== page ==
11.1 Goal Oriented Financial Planning

11.1.1  What is financial planning?

Needs and Aspirations – A father wants his son to become a doctor. This is the need and aspiration of the man.

Financial Goal – Financial goal specifies the amount of money required to meet the needs and aspirations and the time horizon by which the money is needed.

Example – The man needs to spend and invest the following to finance his son’s education –

YearCurrent Cost of EducationInflation per yearFuture CostRegular SavingsShortfallInvestment to be made (Present value at 6%)
17,00,0008% p.a.7,56,0001,00,0006,56,0006,18,868
25,00,0006% p.a.5,72,4001,00,0004,72,4004,20,434
36,00,0006% p.a.7,28,0931,00,0006,28,0935,27,359
48,00,0005% p.a.1,019,3301,00,0009,19,3307,28,195

Column 2 – Cost of the yearly education expense in today’s terms.

Column 3 – Future Cost – Current cost multiplied by inflation per year.

Column 4 – The man estimates that he can save Rs. 1 Lakhs every year out of his income. This would help him meet part of the expenditure.

Column 5 – Shortfall is the amount of expense which he will not be able to meet with his regular savings.

Column 6 – How much he needs to invest to meet the shortfall. This is the present value calculated assuming investment is made with annual return of 6%.

Comparing the money required and the money available will give the shortfall, if any. A person could take loan to finance the extra money needed.

Financial Planning – A systematic approach to provide for financial goals so that people can realise their needs and aspirations

11.1.2  Measuring the Financial Goals

The questions that need to be asked while calculating financial goals –

  1. What will the value of expense if it was done today?
  2. When will the expense be incurred?
  3. How much will be the inflation?
  4. If the expense has to be made in foreign currency, what will be the impact of foreign exchange?

How to calculate Future Value in MS Excel?

Future Value = FV(rate, nper, pmt, [pv], [type])

rate = rate of inflation

nper = No. of years

pmt = expense per month

pv = cost in today’s terms

type = It represents the timing of payment i.e. at the beginning (denoted by 1) or at the end (denoted by 0). This may be omitted altogether.

11.1.3  Investment Horizon

Total length of time for which the investor needs to invest to meet his financial goal.

11.1.4  Assessing the funds required

The investor normally will be able to meet a part of the funds required from his regular savings each. An effort has to be made to find out how much more is required which should be invested today. To calculate how much money will be needed in the future factoring in inflation, use the following formula –

P = A × (1 + r)n

                P = Principal – Cost in present value terms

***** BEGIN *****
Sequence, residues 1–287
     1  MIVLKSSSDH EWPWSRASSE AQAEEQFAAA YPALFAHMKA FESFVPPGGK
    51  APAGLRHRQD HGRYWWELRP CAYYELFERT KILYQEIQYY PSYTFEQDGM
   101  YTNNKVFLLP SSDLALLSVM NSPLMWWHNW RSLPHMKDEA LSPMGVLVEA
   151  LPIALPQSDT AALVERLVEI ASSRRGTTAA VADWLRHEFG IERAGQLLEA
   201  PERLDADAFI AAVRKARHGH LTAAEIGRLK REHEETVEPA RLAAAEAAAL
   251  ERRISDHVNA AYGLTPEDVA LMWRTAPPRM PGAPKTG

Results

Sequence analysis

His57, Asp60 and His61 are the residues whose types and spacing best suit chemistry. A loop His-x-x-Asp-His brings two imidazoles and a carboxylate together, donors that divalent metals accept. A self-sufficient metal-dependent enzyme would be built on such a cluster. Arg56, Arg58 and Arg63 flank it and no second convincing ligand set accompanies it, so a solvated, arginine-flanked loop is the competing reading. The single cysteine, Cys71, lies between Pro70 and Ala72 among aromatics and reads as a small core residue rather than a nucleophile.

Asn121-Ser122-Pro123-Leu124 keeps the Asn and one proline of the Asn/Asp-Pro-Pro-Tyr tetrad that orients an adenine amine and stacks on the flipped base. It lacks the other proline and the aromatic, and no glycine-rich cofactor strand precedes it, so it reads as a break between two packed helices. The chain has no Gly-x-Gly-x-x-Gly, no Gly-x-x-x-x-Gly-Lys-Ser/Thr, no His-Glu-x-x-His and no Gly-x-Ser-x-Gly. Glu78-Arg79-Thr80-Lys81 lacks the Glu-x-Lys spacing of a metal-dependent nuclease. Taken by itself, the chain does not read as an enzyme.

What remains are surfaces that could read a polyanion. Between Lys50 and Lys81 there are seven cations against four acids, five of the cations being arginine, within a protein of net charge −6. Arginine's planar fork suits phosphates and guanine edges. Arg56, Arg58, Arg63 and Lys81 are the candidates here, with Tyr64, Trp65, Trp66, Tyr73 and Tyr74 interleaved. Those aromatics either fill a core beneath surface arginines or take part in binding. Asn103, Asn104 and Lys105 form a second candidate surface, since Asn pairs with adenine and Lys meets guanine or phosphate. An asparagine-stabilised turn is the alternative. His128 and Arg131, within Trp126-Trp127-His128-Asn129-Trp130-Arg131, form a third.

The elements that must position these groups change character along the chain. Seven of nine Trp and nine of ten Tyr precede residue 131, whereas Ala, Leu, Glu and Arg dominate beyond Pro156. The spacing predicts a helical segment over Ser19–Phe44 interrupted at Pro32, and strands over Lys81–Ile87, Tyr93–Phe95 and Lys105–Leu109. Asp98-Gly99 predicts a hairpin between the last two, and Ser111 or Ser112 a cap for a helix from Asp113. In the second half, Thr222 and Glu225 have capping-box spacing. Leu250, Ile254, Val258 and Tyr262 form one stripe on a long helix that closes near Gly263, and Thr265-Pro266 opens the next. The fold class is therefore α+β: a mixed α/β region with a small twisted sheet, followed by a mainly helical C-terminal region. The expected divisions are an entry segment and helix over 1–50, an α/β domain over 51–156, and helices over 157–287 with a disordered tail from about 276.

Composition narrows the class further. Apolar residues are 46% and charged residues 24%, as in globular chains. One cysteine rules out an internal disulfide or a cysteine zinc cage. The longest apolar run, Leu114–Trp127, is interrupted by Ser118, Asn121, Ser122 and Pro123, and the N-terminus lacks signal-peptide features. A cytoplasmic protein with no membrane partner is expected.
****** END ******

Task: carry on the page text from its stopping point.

A = Amount – Cost in future

                r = Rate of Inflation

                n = Time Period (in years)

11.1.5  Financial planning objectives and benefits


  • Financial planning ensures that the right amount of money is available at the right time to meet the financial goals.
  • Financial planning also tells the investor in advance if some financial goal is unlikely to be met because his earnings or savings might not be enough

Financial planning ensures that the investor takes the corrective action in a timely manner –

  1. Reviewing what is need and what is desire and if some desires can be postponed so that the most important needs are met first.
  2. Release capital by moving from a larger house to a smaller house or selling family jewellery.
  3. Increasing savings by reducing expense or taking up part time job
  4. Consider a loan to make up the shortfall.

11.1.6   Need for financial planners

Financial planners are needed because –

  1. Calculate Financial Goals – Most investors may not be organized to assess their needs in financial terms and may not be able to calculate how much money is needed to meet their financial goals.
  2. When and where to invest – Investors may not have the knowledge about all the financial products available and which is the most suitable for them.
  3. Loan – Financial planners can arrange the loan and have it structured, if a shortfall is detected.
  4. Taxation – Most investors are not experts in taxation and need guidance of financial planners.
  5. Contingencies – Financial planners can help investors plan for contingencies through insurance policies, inheritance mechanisms, etc.

11.2  Alternate Financial Planning approach - Comprehensive Financial Planning

So far the financial plan that was discussed was goal oriented financial plan. Another plan that can be developed is a “comprehensive financial plan”.

In this plan all the financial goals of a person are assessed together and then the investment strategies are developed.

In a “comprehensive financial plan”, all possible inflows and outflows are estimated including post-retirement living expenses.